- French jobless rate: 10.0% vs. 9.8% expected, 10.1% previous
- Italian trade balance: €5.80B vs. €4.00B expected, €4.19B previous
- U.S. housing data coming up
- New Zealand’s quarterly retail sales report for later
Not much on the docket for today’s morning London session, so forex traders apparently turned to the risk-off vibes for direction, since the higher-yielders got dumped while the safe-havens were in demand. The Greenback, meanwhile, extended its losses.
Most commodities rise, but base metals fall – Most commodities were in the green today, but base metals went against the bullish tide.
Precious metals were well-supported.
- Gold was up by 0.51% to $1,239.35 per troy ounce
- Silver was up by 0.54% to $18.060 per troy ounce
Oil benchmarks were also in positive territory.
- U.S. crude oil was up by 0.49% to $53.37 per barrel
- Brent crude oil was up by 0.59% to $56.08 per barrel
Base metals were mixed, but most were leaking red, as mentioned earlier.
- Copper was down by 0.42% to $2.729 per pound
- Zinc was down by 0.94% to $2,841.00 per dry metric ton
The broad-based commodities rally was likely due to the weaker Greenback. And for reference, the U.S. Dollar Index was down by 0.39% to 100.69 for the day when the session ended.
The risk-off vibes also very likely spurred demand for precious metals. They are considered as traditional safe-havens after all. Oil, meanwhile, got an extra lift from OPEC-related rumors, which I’ll be discussing below. As for the slide in base metals, that was attributed by market analysts to the poor readings for overseas investment in China.
OPEC-related rumors – As mentioned earlier, there were OPEC related rumors floating around during the session. To be more specific, Reuters released a report that cited unnamed “OPEC sources.” And according to Reuters, “OPEC could extend its oil supply-reduction pact with non-members or even apply deeper cuts from July if global crude inventories fail to drop to a targeted level.”
Risk sentiment flips back to risk-off – Risk appetite made a comeback yesterday, but was promptly chased off today. As a result, the European equity indices were in the red again.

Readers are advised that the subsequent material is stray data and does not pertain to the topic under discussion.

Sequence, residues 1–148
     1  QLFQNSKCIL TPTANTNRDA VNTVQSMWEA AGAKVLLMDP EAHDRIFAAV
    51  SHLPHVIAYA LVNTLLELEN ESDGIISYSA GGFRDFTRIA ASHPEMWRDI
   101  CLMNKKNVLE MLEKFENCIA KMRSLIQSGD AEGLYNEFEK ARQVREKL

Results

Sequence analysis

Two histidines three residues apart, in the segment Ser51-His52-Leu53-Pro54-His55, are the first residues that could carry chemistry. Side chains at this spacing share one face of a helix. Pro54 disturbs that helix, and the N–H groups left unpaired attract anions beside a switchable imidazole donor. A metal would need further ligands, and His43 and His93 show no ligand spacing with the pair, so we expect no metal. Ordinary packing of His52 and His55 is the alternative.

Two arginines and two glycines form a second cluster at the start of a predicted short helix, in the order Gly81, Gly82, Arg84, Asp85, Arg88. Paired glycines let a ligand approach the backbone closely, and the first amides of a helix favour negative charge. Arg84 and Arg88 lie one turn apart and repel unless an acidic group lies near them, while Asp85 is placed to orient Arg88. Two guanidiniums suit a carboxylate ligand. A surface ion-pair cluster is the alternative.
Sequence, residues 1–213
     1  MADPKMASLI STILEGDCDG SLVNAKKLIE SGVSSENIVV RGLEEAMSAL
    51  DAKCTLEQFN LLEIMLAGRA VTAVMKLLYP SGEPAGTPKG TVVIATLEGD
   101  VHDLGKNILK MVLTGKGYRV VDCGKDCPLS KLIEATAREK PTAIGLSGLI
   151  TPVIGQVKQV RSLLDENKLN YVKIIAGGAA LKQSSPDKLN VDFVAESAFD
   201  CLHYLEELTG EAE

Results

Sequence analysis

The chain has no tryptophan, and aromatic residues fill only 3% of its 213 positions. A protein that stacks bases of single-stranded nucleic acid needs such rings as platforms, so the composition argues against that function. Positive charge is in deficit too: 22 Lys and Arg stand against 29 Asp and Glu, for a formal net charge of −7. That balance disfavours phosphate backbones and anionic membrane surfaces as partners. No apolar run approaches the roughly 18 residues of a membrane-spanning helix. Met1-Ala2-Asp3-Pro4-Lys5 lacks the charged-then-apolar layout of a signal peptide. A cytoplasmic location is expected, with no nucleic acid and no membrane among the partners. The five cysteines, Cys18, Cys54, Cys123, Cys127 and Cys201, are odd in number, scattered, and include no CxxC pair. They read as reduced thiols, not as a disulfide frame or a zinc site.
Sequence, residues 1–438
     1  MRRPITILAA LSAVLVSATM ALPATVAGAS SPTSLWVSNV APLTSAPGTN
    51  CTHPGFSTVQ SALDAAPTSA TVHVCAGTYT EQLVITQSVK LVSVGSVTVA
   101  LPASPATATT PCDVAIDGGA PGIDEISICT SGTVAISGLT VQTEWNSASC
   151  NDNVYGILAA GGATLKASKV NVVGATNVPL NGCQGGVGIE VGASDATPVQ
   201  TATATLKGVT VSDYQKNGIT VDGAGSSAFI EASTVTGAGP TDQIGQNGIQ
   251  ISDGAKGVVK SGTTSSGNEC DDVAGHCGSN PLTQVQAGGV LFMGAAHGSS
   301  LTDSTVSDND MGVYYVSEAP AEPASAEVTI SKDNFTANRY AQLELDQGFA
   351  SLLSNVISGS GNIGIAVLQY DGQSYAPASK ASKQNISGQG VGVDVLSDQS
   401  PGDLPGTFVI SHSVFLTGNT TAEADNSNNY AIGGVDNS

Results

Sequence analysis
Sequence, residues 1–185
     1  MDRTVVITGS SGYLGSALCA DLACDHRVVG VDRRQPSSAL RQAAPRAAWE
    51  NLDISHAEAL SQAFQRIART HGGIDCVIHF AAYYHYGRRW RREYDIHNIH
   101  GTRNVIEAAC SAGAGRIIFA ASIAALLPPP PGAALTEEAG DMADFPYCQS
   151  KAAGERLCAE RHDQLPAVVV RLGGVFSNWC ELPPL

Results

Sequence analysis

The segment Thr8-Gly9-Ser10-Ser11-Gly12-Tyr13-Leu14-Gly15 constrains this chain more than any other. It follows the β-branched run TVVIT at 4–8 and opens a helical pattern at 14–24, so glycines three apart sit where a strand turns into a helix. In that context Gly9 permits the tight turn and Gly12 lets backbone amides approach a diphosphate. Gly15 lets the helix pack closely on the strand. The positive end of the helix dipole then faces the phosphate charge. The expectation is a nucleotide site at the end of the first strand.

- The pan-European FTSEurofirst 300 was down by 0.35% to 1,459.89
- The blue chip Euro Stoxx 50 was down by 0.45% to 3,312.50
- Germany’s DAX was also down by 0.25% to 11,764.00
- The U.K.’s FTSE 100 was down by 0.35% to 7,277.00
The downbeat mood in Europe also apparently weighed down on U.S. equity futures.
- S&P 500 futures were down by 0.15% to 2,347.00
- Nasdaq futures were down by 0.02% to 5,308.88
Market analysts blamed the switch to risk aversion on the poor performance of mining shares and poor earnings reports, especially for British manufacturer Cobham.
Bond yields plunge – Another sign of the risk-off vibes was the heavy buying of global bonds, which caused bond yields to plunge.
- Japanese 10-year bond yield was down by 1.05% to 0.094%
- German 10-year bond yield was down by 5.26% to 0.360%
- Italian 10-year bond yield was down by 1.20% to 2.220%
- U.K. 10-year bond yield was down by 1.92% to 1.276%
- U.S. 10-year bond yield was down by 1.21% to 2.472%
Major Market Movers:
JPY & CHF – The safe-haven Swissy and yen were both in demand during the session, thanks to the very clear signs of risk aversion. And between the two, the yen came out on top, albeit by a very small margin.
USD/JPY was down by 37 pips (-0.33%) to 113.55, EUR/JPY was down by 9 pips (-0.08%) to 120.82, CAD/JPY was down by 11 pips (-0.12%) to 87.16
USD/CHF was down by 36 pips (-0.36%) to 1.0005, EUR/CHF was down by 9 pips (-0.09%) to 1.0646, CAD/CHF was down by 10 pips (-0.14%) to 0.7680
USD – The Greenback extended its losses during the session. Market analysts are still pointing to post-Yellen profit-taking from a variety of reasons, which include falling U.S. bond yields, a correction after an 11-day rally, and disappointment over the drop in U.S. industrial output (among other things). By the way, if you missed Yellen’s testimonies, Forex Gump has a rundown on the key points from testimonies, and you can read it here.
USD/CAD was down by 28 pips (-0.21%) to 1.3025, GBP/USD was up by 16 pips (+0.13%) to 1.2500, EUR/USD was up by 29 pips (+0.28%) to 1.0641
AUD & NZD – The prevalence of risk aversion meant that the higher-yielding Aussie and Kiwi competed with one another for the (dis)honor of being the weakest currency of the session. The Kiwi ultimately ended up as the biggest loser of the session, though, probably because traders were also preemptively positioning or unwinding their bets ahead of New Zealand’s quarterly retail sales report. Well, either that or Aussie shorts were taking some profits off the table after the details of Australia’s jobs report turned out to be a disappointment.
AUD/JPY was down by 25 pips (-0.29%) to 87.51, AUD/CAD was down by 14 pips (-0.13%) to 1.0040, AUD/CHF was down by 23 pips (-0.39%) to 0.7711
NZD/JPY was down by 32 pips (-0.39%) to 81.96, NZD/CHF was down by 29 pips (-0.40%) to 0.7222, NZD/CAD was down by 25 pips (-0.27%) to 0.9403
- 1:30 pm GMT: U.S. building permits (1.23M expected, 1.21M previous) and housing starts (1.23M expected, same as previous)
- 1:30 pm GMT: U.S. initial jobless claims (245K expected, 234K previous) and Philadelphia Fed survey (18.0 expected, 23.6 previous)
- 3:30 pm GMT: Business NZ manufacturing index will be released (54.5 previous)
- 9:30 pm GMT: Headline (1.1% expected, 0.9% previous) and core (0.9% expected, 0.3% previous) readings for retail sales in New Zealand set for release
Bonnie and Clyde, peanut butter and jelly, Kanye West and Kanye West. Some things just go well together.
Head on to Big Pippin’s Daily Chart Art for some pip-locking technical weeks!